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  (Paul Sakuma/AP)


(Paul Sakuma/AP)

Fed up with Canadian shoppers, U.S. customers want their own shopping hours Add to ...

So Canadians, you think you’re polite and likeable, eh? Well, it appears some Americans would beg to differ.

Tired of dealing with Canadian cross-border shoppers, customers of the retailer Costco in Bellingham, Wa., are seeking shopping hours reserved exclusively for Americans, according to the CBC.

A Facebook page, called “Bellingham Costco needs a special time just for Americans,” has generated more than 2,000 “Likes” and plenty of comments from supporters and Canadian defenders alike.

The description of the page reads (in imperfect grammar): “You all been there. its hard to find a parking spot. Them Canadians can be rude. The lines are crazy. We aren't on a vacation and have an RV to hang out in like those Canadians. We just want to go shopping, not go on an adventure.”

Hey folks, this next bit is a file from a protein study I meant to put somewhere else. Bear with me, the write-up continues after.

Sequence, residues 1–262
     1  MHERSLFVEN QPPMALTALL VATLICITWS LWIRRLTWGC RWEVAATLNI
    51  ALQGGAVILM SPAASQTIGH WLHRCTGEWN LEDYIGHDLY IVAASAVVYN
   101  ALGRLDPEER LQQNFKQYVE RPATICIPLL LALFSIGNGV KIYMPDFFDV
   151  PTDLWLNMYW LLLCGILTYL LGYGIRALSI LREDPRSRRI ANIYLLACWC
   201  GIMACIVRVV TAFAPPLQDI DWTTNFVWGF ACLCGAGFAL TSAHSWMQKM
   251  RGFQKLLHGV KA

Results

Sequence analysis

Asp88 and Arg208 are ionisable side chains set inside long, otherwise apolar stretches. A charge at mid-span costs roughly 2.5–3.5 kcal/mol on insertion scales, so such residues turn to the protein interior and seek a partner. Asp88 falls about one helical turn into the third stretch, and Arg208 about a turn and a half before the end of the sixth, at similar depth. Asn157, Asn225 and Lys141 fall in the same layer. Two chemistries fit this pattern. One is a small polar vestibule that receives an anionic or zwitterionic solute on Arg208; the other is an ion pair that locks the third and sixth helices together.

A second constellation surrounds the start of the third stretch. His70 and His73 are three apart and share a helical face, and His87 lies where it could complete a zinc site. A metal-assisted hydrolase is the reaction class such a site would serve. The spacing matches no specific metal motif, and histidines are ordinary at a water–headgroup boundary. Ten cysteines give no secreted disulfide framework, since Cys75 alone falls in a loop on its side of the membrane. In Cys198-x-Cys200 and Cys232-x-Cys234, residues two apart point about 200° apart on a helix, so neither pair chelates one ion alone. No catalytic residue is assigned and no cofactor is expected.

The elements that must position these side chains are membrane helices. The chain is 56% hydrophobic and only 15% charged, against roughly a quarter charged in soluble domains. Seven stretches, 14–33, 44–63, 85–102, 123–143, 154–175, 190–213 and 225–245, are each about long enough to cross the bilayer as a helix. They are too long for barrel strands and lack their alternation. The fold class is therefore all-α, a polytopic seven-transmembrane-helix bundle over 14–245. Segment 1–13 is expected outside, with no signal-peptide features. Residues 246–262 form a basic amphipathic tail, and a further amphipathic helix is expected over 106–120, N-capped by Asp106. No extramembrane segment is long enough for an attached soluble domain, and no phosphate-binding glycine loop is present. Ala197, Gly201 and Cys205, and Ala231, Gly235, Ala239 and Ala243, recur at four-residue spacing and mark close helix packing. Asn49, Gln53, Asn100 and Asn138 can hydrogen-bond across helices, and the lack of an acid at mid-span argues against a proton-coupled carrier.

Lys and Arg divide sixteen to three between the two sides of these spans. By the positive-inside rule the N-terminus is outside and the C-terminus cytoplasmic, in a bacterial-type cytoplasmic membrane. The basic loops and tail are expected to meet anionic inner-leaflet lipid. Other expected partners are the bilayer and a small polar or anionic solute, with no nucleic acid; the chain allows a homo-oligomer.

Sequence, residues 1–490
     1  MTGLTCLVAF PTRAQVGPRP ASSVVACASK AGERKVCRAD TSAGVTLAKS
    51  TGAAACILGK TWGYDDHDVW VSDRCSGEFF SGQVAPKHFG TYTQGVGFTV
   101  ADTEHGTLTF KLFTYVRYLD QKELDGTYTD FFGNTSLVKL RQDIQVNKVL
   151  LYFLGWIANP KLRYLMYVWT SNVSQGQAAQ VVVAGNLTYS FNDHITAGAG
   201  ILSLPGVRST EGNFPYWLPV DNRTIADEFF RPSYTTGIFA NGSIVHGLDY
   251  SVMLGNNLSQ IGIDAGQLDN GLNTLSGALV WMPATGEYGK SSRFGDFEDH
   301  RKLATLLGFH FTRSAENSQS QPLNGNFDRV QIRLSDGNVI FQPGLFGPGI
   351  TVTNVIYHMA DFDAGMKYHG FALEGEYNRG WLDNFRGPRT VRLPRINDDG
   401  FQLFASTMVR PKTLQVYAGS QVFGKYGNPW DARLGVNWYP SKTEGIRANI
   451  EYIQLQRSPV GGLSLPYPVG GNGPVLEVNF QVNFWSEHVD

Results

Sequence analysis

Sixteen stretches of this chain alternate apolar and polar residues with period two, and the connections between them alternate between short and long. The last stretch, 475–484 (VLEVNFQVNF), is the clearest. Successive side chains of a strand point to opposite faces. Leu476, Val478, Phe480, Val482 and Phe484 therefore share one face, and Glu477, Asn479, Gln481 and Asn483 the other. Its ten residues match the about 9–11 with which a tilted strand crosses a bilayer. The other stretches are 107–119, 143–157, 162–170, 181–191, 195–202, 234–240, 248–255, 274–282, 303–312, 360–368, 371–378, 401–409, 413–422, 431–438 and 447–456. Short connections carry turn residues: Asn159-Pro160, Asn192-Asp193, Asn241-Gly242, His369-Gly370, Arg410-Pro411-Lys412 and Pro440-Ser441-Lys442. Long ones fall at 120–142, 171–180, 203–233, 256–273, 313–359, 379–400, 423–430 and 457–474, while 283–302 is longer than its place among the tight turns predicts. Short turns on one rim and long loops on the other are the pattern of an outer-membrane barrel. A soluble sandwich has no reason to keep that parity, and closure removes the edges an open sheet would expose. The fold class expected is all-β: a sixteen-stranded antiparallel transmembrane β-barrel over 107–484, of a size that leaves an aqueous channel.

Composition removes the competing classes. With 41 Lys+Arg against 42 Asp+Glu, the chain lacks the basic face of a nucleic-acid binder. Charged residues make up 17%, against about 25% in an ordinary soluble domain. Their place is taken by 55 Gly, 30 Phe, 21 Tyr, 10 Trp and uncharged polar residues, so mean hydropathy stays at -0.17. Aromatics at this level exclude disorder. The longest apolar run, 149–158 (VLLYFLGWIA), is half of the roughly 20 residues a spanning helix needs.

It’s not that the creators of the Facebook page hate Canadians, a post goes on to explain. It’s just that Bellingham is a small place, and local laws that prevent big box stores like Costco from expanding make it difficult to accommodate crowds of Canadian shoppers.

“Yes there are crazy stories about the rudeness, we are a small town with guests that have big city attitudes,” it reads. “…Basically, how would you feel if 10 extra people landed in your house out of your control and government officials wont let you do anything about it.”

The president of Bellingham’s chamber of commerce is asking locals to be patient with Canadian visitors, whose business contributes to the city's economy, CBC reports.

“In the last two years, our sales tax generation has doubled or tripled the pace in the rest of the state, and it’s almost entirely because of Canadians coming south,” Ken Oplinger told the CBC.

A senior vice-president at Costco also told the CBC that the store is not looking to change its policy; anyone with a Costco membership can shop at any of the company's locations.

How often do you visit the U.S. to shop? Are you conscious of how Americans perceive you when you cross the border?

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